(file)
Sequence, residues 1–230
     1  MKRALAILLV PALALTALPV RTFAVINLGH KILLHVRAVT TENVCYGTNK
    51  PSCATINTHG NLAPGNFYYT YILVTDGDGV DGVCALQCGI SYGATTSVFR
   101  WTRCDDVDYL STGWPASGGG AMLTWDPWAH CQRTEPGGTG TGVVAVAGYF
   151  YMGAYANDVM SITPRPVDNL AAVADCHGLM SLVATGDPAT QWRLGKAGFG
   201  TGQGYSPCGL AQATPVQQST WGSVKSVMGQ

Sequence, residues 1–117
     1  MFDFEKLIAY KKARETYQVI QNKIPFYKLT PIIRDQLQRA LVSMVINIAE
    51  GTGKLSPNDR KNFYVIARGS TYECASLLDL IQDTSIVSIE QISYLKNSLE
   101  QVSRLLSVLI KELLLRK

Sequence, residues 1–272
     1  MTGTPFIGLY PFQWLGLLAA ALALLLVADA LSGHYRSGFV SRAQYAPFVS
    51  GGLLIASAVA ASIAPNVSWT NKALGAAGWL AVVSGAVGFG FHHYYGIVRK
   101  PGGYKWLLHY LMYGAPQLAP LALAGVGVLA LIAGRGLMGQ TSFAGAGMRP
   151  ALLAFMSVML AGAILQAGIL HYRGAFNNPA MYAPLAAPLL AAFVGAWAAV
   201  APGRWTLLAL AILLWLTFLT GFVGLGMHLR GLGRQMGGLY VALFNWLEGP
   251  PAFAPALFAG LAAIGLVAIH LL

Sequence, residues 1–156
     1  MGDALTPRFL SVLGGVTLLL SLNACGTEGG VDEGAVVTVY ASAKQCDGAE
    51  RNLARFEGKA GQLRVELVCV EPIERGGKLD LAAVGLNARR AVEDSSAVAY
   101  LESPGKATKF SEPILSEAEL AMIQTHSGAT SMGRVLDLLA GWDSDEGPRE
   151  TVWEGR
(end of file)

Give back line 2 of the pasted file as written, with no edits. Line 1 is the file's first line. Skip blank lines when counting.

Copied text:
     1  MKRALAILLV PALALTALPV RTFAVINLGH KILLHVRAVT TENVCYGTNK